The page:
# Formal Methods

Your constantly-updated definition of Formal Methods and collection of videos and articles
161 shares

## What are Formal Methods?

Formal methods are techniques used to model complex systems as mathematical entities. By building a mathematically rigorous model of a complex system, designers can not only verify the system’s properties in a more thorough fashion (than they could via empirical testing) but also use mathematical proof as a complement to system testing so as to ensure correct behavior.

Formal methods adopt a three-step approach to modeling and evaluating systems. During formal specification, an engineer or designer rigorously defines a system using a modeling language—typically by using a formal, mathematical syntax and semantics that eliminate imprecision and ambiguity. This is similar to writing down system specifications, though not in plain English. From there, based on the specification, the engineers develop a set of theorems about the behavior of a system. These theorems are verified through mathematical proofs—to ensure that the system behavior is logically consistent and is, indeed, the desirable one. As this allows designers and engineers to discover flaws in usability even before the design gets implemented into code, it prevents costly errors from emerging in the later stages of development. Finally, once the model is specified and verified, implementation can begin via converting the specification into code.

Formal methods have many advantages: they help disambiguate system specifications and articulate implicit assumptions. They also expose flaws in system requirements, and their rigor enables a better understanding of the problem. Because they use a formal language, many colleagues can verify the specifications independently—thereby solving errors early on in the development process. However, formal methods cannot fully replace standard quality assurance methods. This is why they are just a complementary technique in system design.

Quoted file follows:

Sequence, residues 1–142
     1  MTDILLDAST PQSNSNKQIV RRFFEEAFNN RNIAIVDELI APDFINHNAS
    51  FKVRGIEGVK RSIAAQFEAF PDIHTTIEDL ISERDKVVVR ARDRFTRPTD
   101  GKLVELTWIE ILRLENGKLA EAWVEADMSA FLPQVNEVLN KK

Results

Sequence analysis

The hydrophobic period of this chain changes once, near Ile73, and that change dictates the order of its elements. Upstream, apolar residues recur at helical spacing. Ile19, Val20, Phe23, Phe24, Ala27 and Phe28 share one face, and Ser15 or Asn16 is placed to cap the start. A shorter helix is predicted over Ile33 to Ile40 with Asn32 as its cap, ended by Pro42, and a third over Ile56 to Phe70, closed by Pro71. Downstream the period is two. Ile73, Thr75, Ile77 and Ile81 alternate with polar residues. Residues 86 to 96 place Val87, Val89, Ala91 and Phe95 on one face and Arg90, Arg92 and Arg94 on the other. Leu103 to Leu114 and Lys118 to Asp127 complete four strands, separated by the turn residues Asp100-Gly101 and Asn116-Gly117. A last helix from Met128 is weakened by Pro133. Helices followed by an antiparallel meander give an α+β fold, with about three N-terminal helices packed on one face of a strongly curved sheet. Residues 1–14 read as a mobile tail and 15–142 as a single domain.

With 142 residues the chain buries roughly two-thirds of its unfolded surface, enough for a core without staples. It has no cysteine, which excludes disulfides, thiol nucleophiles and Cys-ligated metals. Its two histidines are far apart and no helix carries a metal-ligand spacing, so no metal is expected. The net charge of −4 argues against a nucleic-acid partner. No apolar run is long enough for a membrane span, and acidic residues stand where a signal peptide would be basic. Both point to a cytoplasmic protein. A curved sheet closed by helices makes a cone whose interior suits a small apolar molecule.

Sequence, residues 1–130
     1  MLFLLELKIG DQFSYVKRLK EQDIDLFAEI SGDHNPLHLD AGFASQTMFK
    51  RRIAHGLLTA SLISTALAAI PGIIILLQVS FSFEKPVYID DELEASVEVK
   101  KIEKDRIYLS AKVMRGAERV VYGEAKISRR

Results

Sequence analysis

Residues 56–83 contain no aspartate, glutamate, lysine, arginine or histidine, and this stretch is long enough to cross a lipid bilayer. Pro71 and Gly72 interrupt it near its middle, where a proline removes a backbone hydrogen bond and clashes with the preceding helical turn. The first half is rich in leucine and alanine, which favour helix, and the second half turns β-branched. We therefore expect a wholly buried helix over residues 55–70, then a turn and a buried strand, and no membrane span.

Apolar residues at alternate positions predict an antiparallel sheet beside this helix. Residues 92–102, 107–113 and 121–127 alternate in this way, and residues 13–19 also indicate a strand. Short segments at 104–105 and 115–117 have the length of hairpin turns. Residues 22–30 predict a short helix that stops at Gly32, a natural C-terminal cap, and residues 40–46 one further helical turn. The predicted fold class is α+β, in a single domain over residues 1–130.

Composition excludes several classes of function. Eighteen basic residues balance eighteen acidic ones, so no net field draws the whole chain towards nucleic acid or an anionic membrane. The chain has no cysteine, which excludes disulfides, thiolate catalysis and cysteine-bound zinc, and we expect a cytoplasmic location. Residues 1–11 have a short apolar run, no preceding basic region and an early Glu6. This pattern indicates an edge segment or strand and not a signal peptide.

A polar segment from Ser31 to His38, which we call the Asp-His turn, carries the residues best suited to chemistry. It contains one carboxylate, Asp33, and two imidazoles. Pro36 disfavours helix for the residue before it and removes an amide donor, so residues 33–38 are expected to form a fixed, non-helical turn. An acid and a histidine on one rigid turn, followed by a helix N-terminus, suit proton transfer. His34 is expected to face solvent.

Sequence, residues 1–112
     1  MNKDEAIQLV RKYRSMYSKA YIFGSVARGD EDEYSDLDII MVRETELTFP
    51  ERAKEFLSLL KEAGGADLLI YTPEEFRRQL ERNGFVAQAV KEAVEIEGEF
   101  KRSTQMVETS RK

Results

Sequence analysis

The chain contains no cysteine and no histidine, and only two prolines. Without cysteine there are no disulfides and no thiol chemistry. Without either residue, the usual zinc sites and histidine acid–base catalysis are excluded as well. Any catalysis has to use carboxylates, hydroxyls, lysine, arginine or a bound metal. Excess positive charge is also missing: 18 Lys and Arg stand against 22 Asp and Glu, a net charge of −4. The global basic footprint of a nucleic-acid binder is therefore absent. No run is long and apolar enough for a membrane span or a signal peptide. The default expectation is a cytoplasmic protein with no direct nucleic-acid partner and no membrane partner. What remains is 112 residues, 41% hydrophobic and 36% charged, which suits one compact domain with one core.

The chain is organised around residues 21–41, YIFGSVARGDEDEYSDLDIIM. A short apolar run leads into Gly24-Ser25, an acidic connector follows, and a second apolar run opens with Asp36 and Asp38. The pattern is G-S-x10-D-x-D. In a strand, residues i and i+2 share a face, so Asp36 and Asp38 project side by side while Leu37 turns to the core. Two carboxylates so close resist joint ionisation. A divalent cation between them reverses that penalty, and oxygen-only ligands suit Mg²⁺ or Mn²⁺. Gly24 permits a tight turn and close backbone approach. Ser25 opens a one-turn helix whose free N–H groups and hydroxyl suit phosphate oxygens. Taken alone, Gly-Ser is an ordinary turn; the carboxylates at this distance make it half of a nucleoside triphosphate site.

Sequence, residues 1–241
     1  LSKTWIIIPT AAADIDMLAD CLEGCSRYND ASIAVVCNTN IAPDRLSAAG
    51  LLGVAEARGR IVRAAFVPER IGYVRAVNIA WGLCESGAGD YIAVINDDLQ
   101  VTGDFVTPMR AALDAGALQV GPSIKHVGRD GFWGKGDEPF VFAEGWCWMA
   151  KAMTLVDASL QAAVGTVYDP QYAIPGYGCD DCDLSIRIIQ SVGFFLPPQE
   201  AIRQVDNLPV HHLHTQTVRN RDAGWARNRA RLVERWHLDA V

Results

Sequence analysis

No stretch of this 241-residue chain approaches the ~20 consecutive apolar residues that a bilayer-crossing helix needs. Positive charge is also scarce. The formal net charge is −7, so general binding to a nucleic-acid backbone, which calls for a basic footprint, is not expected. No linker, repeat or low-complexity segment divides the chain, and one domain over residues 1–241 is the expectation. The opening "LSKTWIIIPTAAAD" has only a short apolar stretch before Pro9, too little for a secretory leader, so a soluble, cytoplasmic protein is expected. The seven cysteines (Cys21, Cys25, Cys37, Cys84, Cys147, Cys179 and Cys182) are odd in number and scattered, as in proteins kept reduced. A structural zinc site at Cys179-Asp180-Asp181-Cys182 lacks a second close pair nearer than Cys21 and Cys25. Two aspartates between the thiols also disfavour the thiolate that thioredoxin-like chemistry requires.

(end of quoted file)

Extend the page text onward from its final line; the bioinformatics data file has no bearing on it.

## Literature on Formal Methods

Here’s the entire UX literature on Formal Methods by the Interaction Design Foundation, collated in one place:

Take a deep dive into Formal Methods with our course Formal Design Methods: Formalism and Design .

You've just fixed a usability problem and are about to release the updated app or website... but have you really got it right this time? Is there an unusual use case you haven't thought of? Can you ever be sure? Thankfully, applying formal methods to your design can help you.

Formal methods are usually employed in mathematical and scientific fields, as the preferred way of presenting information. Many mathematical and scientific theories we know today are in fact written in a formal manner. The scientific theory of gravity, for instance, is presented with all variables, parameters, and factors clearly named and defined, and all assumptions explicitly stated. The power of formalism is that it allows a concept, theory, or model to be completely and clearly defined, so anyone who reads it can easily spot any gaps in logic or exceptions to the rule.

When applied to design, formal methods allow designers to flesh out the entire product (e.g., all the states of an app) explicitly and completely. This allows designers to spot potential flaws in the design (e.g., incomplete user flows, links, or buttons that are not defined in the design, etc.) in less time.

In this course, you will learn how various forms of formal notation and methods can help you catch potentially disastrous problems early in a design process. Formal design methods will also give you confidence that the delivered systems are both what you intended and as free from major usability flaws as possible. You will also learn how to use formal methods to increase the probability that the developers will deliver precisely the design you intended.

### All open-source articles on Formal Methods

Please check the value and try again.

We believe in Open Access and the democratization of knowledge. Unfortunately, world-class educational materials such as this page are normally hidden behind paywalls or in expensive textbooks.

If you want this to change, , link to us, or join us to help us democratize design knowledge!

Share on: